Legal metrology and the environment


We use measurements to obtain data

This data can then be used to help make the correct decisions to properly care for our environment

For example:

  • measurement of the amount of nutrients added to soil, and pesticides applied to crops allow us to determine the optimum dosage to ensure their effectiveness while avoiding possible contamination;
  • measurement of noise levels and emissions, combined with analysis of the resulting data, allow us to determine any harmful effects and react accordingly;
  • measurement of the amount of substances in water, soil and the atmosphere makes it possible to determine the environmental impact of human activities, and helps decision makers arrive at viable, cost effective solutions;
  • measurement of pollutant gases, particulate matter or various forms of radiation aids in the detection of possible hazards in the workplace (or indeed in the home), ensuring that preventive actions are taken; and
  • measurement of energy consumption (“smart metering”) helps to monitor, better understand and control our use of energy.

Over recent years we have all witnessed environmental changes. Additional measurements must be made in many areas in order to accurately and correctly determine the sources of these changes. In order to make sound policy decisions, decision makers must have confidence in the measurements they use.

The environment: A sound measurement system


A sound measurement system is an essential element to achieve accurate and traceable measurements which will meet with global acceptance. Essential factors for such a system are

  • traceability to the International System of Units, or SI (scientific metrology),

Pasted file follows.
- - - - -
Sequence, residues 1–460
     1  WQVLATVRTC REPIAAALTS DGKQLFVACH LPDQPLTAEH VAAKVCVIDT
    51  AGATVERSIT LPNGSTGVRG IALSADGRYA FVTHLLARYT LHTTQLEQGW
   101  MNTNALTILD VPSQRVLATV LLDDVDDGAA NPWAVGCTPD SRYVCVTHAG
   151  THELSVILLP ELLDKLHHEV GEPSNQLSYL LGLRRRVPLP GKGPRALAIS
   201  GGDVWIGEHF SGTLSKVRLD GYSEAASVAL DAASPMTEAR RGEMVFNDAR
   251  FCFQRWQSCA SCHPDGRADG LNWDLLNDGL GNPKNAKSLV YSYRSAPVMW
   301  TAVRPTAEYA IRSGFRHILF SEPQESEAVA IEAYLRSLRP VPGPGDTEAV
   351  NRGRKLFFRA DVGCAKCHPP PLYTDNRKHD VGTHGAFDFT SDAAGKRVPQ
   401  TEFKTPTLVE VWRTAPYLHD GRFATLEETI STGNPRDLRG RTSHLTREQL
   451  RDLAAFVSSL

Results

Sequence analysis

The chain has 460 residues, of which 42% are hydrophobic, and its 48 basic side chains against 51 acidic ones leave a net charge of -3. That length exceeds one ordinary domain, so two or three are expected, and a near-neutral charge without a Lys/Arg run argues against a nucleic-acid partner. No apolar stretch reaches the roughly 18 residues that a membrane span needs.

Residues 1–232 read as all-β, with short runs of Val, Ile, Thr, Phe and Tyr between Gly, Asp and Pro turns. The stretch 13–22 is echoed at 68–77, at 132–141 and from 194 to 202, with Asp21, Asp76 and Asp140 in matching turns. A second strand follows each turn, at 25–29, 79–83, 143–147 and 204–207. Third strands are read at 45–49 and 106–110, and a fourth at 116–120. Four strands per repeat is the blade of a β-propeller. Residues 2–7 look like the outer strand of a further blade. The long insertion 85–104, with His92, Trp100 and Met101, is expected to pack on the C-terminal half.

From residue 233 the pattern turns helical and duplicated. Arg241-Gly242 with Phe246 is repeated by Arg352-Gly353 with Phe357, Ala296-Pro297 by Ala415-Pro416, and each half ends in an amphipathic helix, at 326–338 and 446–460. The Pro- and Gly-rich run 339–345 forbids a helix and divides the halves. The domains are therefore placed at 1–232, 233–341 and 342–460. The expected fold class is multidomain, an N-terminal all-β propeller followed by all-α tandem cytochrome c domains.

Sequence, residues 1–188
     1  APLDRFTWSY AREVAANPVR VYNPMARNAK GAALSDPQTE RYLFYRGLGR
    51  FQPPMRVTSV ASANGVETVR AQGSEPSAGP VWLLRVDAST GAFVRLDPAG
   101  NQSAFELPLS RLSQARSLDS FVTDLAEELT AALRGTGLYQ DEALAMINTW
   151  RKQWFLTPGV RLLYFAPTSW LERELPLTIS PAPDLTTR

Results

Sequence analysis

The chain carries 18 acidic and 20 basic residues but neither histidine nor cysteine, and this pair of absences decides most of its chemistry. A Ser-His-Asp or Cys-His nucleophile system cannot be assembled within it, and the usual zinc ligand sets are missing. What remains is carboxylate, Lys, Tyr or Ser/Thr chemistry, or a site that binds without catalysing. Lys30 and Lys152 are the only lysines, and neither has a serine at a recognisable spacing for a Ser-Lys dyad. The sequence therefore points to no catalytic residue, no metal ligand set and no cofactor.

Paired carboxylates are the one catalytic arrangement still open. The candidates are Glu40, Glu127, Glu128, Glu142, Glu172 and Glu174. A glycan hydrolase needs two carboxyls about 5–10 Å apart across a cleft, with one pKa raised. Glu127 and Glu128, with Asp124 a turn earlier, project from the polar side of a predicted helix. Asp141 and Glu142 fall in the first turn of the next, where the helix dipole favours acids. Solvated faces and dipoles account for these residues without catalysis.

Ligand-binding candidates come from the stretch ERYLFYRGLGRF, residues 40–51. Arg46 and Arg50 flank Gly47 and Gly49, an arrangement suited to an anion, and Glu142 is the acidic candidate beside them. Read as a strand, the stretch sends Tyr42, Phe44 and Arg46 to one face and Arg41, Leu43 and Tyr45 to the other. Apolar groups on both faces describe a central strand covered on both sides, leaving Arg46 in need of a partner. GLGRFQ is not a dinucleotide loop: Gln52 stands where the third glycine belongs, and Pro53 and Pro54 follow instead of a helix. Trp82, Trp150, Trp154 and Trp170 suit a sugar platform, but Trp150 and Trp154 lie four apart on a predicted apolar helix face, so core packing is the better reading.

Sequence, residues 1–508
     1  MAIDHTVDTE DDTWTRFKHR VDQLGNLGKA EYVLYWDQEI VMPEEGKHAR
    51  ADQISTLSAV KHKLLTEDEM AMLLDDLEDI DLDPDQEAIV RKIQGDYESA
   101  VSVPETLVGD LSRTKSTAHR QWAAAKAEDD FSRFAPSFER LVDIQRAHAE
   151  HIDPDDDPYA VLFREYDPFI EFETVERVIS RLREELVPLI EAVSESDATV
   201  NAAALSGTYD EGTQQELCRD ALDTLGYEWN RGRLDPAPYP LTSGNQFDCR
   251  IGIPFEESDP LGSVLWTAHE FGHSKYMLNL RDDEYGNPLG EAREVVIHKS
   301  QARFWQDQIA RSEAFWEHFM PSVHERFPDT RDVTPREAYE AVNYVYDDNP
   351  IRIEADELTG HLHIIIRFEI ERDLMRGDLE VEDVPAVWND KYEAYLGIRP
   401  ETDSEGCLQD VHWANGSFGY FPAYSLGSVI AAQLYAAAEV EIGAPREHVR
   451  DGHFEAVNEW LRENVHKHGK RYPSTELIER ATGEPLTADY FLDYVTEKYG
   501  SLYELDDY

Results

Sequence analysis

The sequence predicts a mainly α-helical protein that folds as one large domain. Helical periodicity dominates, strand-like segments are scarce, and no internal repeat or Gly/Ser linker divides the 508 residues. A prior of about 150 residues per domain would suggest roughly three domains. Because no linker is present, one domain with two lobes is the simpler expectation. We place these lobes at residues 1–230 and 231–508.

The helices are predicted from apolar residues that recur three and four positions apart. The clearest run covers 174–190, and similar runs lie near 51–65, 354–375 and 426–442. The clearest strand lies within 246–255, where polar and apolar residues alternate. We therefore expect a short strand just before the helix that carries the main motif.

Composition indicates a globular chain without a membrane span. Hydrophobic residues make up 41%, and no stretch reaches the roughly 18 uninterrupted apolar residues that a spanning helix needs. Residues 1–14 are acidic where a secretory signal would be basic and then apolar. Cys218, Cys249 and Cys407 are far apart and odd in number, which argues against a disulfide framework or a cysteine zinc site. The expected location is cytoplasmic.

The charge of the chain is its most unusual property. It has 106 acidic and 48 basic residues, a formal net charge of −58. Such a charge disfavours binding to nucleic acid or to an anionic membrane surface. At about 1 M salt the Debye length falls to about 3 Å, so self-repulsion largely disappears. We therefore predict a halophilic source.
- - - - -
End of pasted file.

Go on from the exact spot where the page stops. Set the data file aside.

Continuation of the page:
• regulated measurements and measuring instruments (legal metrology), and
  • confidence in testing and measurement results via certification, standardization, accreditation and calibration (industrial metrology).

In order to maintain a healthy environment, national environmental regulations are typically aligned with international agreements which in turn seek to ensure a globally harmonized approach. Adopting approaches that are based on sound measurements enables governments and industry to prove compliance with regulations and estimate the effects of climate change mitigation policies.

At the international level, the national measurement systems must be compatible and harmonized, and mutual confidence and mutual recognitions are necessary. The International Bureau of Weights and Measures (BIPM) and the International Organization of Legal Metrology (OIML) coordinate the international network of national metrology institutes and national legal metrology authorities. This network provides the support required to ensure that quality environmental measurements are available.